Thanks for a great President’s Challenge, SAMQG!
How to Quilt Clamshells in a Continuous Stitching Line
The quilting lines pictured above are in a continuous line. One single stitching line is made, without breaking or stopping, to create the whole design in the body of this imaginary quilt.
Here’s the path you’ll travel to quilt your filled clamshell quilt pattern in a single line:
This?is one of the ways I stitch. There are other ways.
First, start across the top outlining the arches or seam lines of the first row of clamshell pieces, working from left to right. I recommend using quilting rulers on a domestic or longarm machine to create all the outlined curved shapes.
When you get to the last arch, change directions:
Ok, now here’s the fun part: When you reach the lower point, start stitching up into the clamshell using any design you choose. If you need a resource for design elements and ideas to fill a clamshell shape, check out the book The Quilted Clamshell. The design featured here is included in the book.
Select a design that starts and stops at the lower point.
Notice there is no lower left arch when stitching the fill design (above). Use a water soluble marked line or the clamshell seam line as your guide to contain the quilted fill design. When you’ve finished stitching the fill design, the needle should be back at the lower point.
Use rulers to travel?up and over to the next lower point. Once there, you can repeat the fill design.
Ok. No problem. Keep on this arch + fill rhythm until you reach the left side. When you reach the final lower point, trace up to the left to complete the clamshell shape. Keeping your ruler in the same position, trace right back down to the lower point and into the next row of clamshells.
From here, hop back into the arch + fill motions again pausing?at the lower point to create the next arch.
Ok. Lather. Rinse. Repeat. I think you’ve got the hang of it.
Once you have filled the clamshell shapes on the quilt, you may find it necessary to fill in the shapes around the edges. Easy stuff, though there may be starting and stopping involved. For the main body of the quilt, though, this arch + fill?works well for me.
Watch this tutorial in action on my youtube video here:
Can you quilt clamshells on a home sewing machine?
I’m so glad you asked! Yes, you certainly can.
As you may know, I recently launched my fourth book, The Quilted Clamshell. In most of the promotion for the book, I’m using my HandiQuilter Avante 18″ longarm. The cool thing about the design process in the book is that you can also quilt them on a domestic home sewing machine. Heck, you can even hand quilt them if you like.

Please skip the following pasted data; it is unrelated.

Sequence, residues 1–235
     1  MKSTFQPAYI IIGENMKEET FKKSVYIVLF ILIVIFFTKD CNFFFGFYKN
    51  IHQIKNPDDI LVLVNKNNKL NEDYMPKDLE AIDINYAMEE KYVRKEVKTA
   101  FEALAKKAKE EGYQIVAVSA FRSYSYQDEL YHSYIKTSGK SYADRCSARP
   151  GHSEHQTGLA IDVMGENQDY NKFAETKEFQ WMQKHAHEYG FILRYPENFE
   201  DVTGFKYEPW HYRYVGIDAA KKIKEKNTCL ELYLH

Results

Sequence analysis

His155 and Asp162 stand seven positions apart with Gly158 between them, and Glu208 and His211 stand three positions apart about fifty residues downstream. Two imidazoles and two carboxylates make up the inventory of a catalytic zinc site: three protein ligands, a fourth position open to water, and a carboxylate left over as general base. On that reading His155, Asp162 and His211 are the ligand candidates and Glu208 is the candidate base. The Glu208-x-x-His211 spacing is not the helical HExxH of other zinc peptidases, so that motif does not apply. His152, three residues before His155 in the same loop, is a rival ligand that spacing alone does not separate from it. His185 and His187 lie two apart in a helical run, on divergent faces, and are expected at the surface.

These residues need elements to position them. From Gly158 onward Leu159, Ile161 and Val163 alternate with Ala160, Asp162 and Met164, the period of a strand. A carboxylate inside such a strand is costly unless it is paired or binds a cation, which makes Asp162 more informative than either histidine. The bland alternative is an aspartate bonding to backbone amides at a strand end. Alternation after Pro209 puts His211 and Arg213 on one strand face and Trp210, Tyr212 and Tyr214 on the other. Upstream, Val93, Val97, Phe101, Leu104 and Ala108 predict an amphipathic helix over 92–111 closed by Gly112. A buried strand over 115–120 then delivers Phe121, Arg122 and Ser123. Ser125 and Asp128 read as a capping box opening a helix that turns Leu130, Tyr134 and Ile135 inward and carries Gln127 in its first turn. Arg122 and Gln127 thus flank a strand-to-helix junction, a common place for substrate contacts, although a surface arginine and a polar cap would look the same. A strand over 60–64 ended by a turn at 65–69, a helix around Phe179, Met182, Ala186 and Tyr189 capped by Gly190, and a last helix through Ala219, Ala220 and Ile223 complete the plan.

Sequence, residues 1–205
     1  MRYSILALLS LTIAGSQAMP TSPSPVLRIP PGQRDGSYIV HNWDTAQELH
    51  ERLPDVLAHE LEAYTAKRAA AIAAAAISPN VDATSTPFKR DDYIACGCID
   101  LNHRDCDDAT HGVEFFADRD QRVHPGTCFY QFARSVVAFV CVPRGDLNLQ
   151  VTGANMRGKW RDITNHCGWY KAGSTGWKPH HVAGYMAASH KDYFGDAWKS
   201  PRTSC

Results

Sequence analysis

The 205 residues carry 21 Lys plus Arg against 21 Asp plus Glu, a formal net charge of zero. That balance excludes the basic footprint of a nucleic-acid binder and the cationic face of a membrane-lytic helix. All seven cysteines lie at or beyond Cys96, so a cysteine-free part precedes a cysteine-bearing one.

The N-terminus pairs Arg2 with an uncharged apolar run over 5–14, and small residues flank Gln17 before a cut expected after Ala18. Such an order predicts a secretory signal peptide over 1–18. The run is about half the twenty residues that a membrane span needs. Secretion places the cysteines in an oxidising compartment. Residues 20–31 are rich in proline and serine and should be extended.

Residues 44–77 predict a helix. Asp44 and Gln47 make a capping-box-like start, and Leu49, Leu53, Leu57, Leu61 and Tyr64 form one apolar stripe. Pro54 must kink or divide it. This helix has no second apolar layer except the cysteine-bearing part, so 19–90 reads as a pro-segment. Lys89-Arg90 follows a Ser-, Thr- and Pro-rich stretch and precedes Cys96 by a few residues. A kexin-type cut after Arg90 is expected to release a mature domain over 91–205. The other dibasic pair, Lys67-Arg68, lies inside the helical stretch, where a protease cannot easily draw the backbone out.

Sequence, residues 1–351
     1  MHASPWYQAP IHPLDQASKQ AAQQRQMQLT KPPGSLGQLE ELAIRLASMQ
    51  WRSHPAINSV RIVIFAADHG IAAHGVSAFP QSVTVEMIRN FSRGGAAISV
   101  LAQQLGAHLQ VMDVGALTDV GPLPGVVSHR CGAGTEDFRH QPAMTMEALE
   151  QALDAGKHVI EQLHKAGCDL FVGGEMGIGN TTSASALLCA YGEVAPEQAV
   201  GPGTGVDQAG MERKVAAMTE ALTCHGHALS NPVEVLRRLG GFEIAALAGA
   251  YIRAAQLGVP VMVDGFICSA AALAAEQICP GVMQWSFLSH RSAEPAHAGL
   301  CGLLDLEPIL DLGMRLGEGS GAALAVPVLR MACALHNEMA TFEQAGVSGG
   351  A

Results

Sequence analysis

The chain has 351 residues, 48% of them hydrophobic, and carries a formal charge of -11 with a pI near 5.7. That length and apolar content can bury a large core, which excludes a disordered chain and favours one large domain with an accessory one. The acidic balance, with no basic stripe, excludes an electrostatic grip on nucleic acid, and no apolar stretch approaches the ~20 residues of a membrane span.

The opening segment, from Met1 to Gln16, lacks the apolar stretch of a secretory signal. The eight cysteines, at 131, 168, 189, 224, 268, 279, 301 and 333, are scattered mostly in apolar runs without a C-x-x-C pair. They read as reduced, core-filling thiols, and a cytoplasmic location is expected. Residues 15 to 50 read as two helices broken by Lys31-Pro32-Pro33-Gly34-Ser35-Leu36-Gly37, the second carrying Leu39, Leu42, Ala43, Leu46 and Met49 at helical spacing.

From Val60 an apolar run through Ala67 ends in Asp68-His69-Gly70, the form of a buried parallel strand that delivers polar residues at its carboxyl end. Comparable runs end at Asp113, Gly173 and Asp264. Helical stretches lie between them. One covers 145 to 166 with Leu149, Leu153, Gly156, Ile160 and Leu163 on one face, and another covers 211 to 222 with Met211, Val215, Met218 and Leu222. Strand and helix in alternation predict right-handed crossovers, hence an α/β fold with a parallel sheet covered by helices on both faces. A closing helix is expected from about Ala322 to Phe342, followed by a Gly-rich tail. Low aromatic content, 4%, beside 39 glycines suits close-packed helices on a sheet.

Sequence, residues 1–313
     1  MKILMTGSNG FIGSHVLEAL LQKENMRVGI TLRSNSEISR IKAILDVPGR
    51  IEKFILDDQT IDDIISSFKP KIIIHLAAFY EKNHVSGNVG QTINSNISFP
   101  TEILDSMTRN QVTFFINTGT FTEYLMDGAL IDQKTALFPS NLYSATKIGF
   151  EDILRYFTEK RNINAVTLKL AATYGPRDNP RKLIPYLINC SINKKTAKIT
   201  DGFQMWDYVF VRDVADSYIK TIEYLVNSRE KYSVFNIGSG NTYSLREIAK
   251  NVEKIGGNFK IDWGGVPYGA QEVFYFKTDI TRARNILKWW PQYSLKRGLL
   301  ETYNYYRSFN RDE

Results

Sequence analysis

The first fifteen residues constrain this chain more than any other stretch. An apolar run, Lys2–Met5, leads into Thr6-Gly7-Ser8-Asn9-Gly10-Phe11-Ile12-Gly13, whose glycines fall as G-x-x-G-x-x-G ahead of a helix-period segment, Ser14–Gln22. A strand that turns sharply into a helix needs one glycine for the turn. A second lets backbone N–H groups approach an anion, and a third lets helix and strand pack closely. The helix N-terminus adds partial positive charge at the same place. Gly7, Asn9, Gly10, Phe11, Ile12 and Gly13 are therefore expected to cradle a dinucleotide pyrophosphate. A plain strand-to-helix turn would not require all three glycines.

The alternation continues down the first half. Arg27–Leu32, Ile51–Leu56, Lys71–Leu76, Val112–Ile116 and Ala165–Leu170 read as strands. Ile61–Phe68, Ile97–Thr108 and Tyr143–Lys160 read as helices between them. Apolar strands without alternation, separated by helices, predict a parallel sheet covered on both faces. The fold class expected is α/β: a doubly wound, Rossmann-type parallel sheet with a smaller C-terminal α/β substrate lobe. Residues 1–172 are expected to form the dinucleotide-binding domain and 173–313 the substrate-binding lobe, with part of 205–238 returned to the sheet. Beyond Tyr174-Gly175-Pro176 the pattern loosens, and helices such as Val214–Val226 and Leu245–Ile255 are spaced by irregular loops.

To practice the designs, first trace the clamshell stencil shape from page 46 of the book. If you’d like to use the larger clamshell shape, use the shape on page 47. I used a non-permanent Frixion marking pen to trace. (amazon link)
Make a traditional quilt sandwich with a backing fabric, batting layer and top layer of the quilt. Pin those three layers together every 6″ or so, using straight pins.
Use a walking foot to outline the traced clamshell shapes and I set up my machine with the extension table to make the quilt?move under the needle easier.
I opted to trace along the lines in white thread. Turns out, you cannot see that too well in pictures.
Once all the clams were stitched out, I used my iron to remove the red marked lines.
I also switched threads so you’d be able to see the designs a bit better.
Change the walking foot to a free motion quilting (hopper) foot for quilting.
When quilting on my domestic home sewing machine, I always wear Machinger Gloves. (amazon link) I know that sounds a bit dramatic, but they really are a game-changer. They will make your stitches more accurate, give you more control, and save your shoulders from soreness.
I had a few shapes to play with on this small sample piece. Quilt them in willy-nilly using the three variables described in The Quilted Clamshell. No two will be the same!
I used a very old piece of cotton batik fabric on the back. This batik came from Joanns… maybe 12-14 years ago or so. I think it is the last scrap of it in my house. Hum. It only took a few?years to use, but good gravy, I used it!
And there you have it: Clamshell quilting designs on a home sewing machine.
If you’d like to learn how to create an endless?collection of quilting fills designed to fit a traditional clamshell shape, check The Quilted Clamshell in print at amazon.com or in e-book here in the ReannaLily Designs shop.